Following earlier posts covering the UK surviving examples of the Messerschmitt BF109/Hispano Buchon, I wanted to go a stage further and look at the remaining UK based military Messerschmitts.
ME110 G-4 730301
The ME110 is perhaps the second most familiar Messerschmitt product of the war, wreaking havoc with RAF bombers during the Battle of Britain and throughout the war. With its distinctive twin tail and a pair of DB605 engines this aircraft proved a potent machine in combat.
The RAF Museum’s example was built in 1944 and after a short service career was ultimately surrendered to allies in Denmark in May 1945. By August of that year the airframe had been ferried to Farnborough for evaluation, by legendary test pilot Eric “Winkle” Brown.
After a year of evaluation flights the airframe was selected for preservation and was placed into museum storage. After a number of moves up and down the country to different storage locations the 110 ended up at Biggin Hill in 1960 before subsequently moving to St Athan during the 1970s. In 1978 the aircraft was moved to the Royal Air Force Museum at Hendon and put on display in the Battle of Britain hangar, where it would remain until late 2016, when it was relocated to the bomber hall. The 110 is currently stored in a dismantled state but will eventually be returned to permanent display alongside the other aircraft in the bomber hall.
A much later development from the Messerschmitt company is this incredible looking airframe. These aircraft were heavily armed, even featuring electronically operated gun turrets on the sides of the fuselage. They were used against the USAAF daylight bombing raids and proved successful until the allied long-range escort fighters became more common.
The ME410 on display at Cosford is the only surviving restored example of the type in the world (another example, owned by the National Air & Space Museum, is currently in storage awaiting restoration). This aircraft was built in 1943 and was among the German aircraft recovered in Denmark in May 1945. The ME410 was then ferried back to the UK, which was not without incident. Minor repairs were required on the trip following an engine fire. The 410 arrived at Farnborough in October 1945 but was never evaluated in the air, ultimately making a final flight to Brize Norton in December before being selected for preservation. Much like the other German aircraft in the RAF Museum collection, the 410 moved around a number of sites over the years with a notable stay at St Athan in the 1980s.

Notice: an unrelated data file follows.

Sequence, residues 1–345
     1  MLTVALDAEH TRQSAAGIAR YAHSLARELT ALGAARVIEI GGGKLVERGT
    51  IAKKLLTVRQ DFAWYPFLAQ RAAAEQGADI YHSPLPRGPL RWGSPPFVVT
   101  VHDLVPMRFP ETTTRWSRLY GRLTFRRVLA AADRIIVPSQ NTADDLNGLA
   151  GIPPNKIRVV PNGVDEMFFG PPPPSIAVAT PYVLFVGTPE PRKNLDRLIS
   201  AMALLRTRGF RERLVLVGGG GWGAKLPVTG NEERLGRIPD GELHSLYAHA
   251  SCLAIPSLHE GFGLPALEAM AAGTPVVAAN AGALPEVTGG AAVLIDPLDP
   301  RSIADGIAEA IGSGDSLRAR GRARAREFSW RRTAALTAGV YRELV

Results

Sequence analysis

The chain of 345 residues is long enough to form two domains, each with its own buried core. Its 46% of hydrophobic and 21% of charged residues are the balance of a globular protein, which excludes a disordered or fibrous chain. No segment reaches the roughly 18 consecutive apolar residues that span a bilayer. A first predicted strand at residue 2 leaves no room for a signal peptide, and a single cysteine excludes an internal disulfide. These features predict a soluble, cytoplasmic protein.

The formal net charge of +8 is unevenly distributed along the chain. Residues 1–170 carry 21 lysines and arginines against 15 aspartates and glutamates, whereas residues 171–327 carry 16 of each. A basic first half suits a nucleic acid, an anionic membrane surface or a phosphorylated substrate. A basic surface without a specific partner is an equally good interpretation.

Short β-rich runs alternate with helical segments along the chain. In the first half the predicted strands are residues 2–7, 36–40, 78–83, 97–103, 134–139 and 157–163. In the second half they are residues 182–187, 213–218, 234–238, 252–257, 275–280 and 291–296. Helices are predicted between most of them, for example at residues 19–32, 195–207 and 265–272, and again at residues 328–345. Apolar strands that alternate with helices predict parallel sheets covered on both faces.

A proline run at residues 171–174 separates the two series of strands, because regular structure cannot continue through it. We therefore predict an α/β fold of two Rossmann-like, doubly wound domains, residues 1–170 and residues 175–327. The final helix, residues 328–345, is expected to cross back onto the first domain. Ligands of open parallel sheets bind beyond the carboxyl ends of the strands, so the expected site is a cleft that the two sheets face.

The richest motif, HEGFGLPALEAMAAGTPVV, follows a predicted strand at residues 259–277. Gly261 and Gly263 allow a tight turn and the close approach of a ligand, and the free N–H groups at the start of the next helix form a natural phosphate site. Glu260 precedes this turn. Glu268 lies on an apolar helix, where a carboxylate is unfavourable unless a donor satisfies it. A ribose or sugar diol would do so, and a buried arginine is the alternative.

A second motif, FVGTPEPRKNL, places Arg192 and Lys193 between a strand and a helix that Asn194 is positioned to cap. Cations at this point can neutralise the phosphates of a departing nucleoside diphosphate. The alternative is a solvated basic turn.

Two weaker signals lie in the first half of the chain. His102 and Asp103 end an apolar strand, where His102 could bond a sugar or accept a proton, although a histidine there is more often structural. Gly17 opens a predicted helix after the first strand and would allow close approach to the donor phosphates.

While at St Athan the Daimler-Benz DB603 engines were restored to working order and the engines were run, which must have been an incredible sight! By 1989 the 410 was returned to Cosford for display and has been on show there ever since.
This type really needs no introduction, the ME262 was one of the first jet aircraft to make an impact in the Second World War. It featured a futuristic swept wing design and made for a potent weapon in the fight against the allied bombing raids.
The only example on display in the UK, much like the other aircraft in this post, is part of the Royal Air Force Museum collection. The airframe in question 112372, was constructed and test flown in March 1945 before joining JG7.
Unsurprisingly this airframe’s service career was short-lived, being surrendered to the allies in May of 1945. There was some confusion over the actual identity of this aircraft, after much research the serial 112372 remains attributed, which would put the airframe flying at Farnborough in September 1945. While at Farnborough, test pilots logged over 8 hours flight time during their evaluations.
Following its test flying career the airframe was part of the museum at RAF Cranwell until 1960 eventually ending up at St Athan alongside the ME410 in the late 1980s. In 1989 112372 arrived at Cosford and remained on display there until 2003 when the jet made the journey down to the Hendon site, before returning to Cosford once again in 2017.